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How to sew a summer dress

It’s a little hard to see the end of lockdown from where we are at the moment. Rather than focusing on the cold weather and short days, why not give yourself something to look forward to?

Olivia Barnes-Brett
· 6 min read

It’s a little hard to see the end of lockdown from where we are at the moment. Rather than focusing on the cold weather and short days, why not give yourself something to look forward to? Sewing a summer dress is the perfect lockdown project that will have you thinking about golden summer afternoons.

How to use this guide

There’s no one-size-fits-all way to sew even a simple summer dress. Each pattern has its own quirks, with little techniques to master and skills to build up. Rather than listing all the detailed steps for one specific design, we’ve collated useful information and rounded up excellent resources to get you started.

Please note that we are not affiliated with any of the websites listed in this article.

Step one – Are your skills up to the task?

Any sewing project is the sum of its parts. Before embarking on your summer dress sewing mission, it’s a good idea to assess your skills. Are you a beginner? Do you need to brush up on your technique? If so, it might be better to start with a simple project before learning how to sew a summer dress. This shouldn’t put you off, though!

For example, these quick sewing projects from Rosery Apparel use little scraps of fabric, meaning you won’t waste much if you need several attempts. Or, if you have your heart set on a new summer wardrobe, why not first try this circle skirt from Gretchen Hirsch. It might help you to master some of the basics without compromising on your ideal project!

For more advice on sewing for beginners, look at our recent article about how to get started.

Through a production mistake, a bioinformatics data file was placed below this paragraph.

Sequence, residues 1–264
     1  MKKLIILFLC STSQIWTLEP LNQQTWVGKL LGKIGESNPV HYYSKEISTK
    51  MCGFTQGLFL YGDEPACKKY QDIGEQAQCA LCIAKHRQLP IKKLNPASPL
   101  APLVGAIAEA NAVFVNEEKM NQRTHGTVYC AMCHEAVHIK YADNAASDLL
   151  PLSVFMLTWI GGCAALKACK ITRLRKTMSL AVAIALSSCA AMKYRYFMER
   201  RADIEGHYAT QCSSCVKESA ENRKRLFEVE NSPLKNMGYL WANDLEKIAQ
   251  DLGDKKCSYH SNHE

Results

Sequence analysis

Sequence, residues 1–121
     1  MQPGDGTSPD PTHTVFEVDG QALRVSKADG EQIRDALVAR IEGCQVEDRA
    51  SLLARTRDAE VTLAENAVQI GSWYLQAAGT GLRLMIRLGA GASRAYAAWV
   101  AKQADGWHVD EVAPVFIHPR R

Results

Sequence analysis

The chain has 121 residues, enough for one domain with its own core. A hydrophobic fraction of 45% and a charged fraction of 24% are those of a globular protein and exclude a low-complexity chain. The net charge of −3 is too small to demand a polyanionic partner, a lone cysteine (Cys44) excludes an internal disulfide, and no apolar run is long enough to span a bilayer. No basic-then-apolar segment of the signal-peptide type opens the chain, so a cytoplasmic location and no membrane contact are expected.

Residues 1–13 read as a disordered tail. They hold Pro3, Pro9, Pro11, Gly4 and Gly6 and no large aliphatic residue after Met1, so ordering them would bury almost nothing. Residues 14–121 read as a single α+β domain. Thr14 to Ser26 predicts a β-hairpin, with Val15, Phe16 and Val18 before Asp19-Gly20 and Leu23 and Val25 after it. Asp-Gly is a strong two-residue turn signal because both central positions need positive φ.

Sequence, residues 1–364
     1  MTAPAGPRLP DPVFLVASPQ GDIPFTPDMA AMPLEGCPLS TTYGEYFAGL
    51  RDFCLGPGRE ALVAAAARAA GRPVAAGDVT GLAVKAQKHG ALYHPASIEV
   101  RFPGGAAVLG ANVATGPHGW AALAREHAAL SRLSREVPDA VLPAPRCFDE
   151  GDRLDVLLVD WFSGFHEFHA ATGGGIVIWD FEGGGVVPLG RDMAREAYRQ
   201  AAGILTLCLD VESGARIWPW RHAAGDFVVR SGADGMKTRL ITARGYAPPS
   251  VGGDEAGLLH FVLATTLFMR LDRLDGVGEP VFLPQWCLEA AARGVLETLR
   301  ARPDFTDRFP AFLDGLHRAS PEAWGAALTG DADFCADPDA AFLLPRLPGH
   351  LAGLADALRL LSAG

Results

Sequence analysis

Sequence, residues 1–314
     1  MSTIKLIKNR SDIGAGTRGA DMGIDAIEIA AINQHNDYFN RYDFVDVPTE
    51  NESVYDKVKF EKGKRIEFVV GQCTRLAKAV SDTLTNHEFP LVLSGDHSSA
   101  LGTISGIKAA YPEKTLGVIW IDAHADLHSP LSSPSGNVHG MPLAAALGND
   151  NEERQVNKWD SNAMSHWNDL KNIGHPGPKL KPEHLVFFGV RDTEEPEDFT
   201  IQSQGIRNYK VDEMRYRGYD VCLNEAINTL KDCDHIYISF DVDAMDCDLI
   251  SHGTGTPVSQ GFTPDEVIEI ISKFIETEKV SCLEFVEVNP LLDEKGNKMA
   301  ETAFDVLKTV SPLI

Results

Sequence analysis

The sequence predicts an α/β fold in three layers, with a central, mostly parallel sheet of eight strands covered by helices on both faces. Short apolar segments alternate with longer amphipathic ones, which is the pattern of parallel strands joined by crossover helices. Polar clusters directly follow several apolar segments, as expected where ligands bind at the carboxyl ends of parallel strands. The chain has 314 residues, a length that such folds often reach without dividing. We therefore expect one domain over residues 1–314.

Step two – Choosing your instructions

To follow a pattern or not to follow a pattern? That is the question. Patterns are useful but can seem rather complicated. Let’s consider both sides of the issue.

How to sew a summer dress without a pattern

There are very tempting pattern-free sewing tutorials available on YouTube. If you’re not sure how to read a pattern, you could look for one of these. Before choosing, make sure the video is highly rated with clear instructions. If anyone in the comments says they’ve successfully made the dress, that’s an excellent sign.

One of the main issues with this method is that the dressmaker might not be a professional. So, you don’t know if they’ve left anything out or if their instructions on how to sew a summer dress are clear enough to follow. You don’t want to realise things have gone awry too late when you’re surrounded by torn fabric and endless unspooled thread.

Using a pattern

Following a pattern will give you tried and tested options for sewing your summer dress. You can adapt patterns to your size and visually see how the different parts fit together. For your first dress, you might consider using a beginner’s pattern with a follow-along video tutorial, like this pop-over dress from Gertie. Or, you could try a free sewing pattern with photo instructions like this one from Mood Fabrics.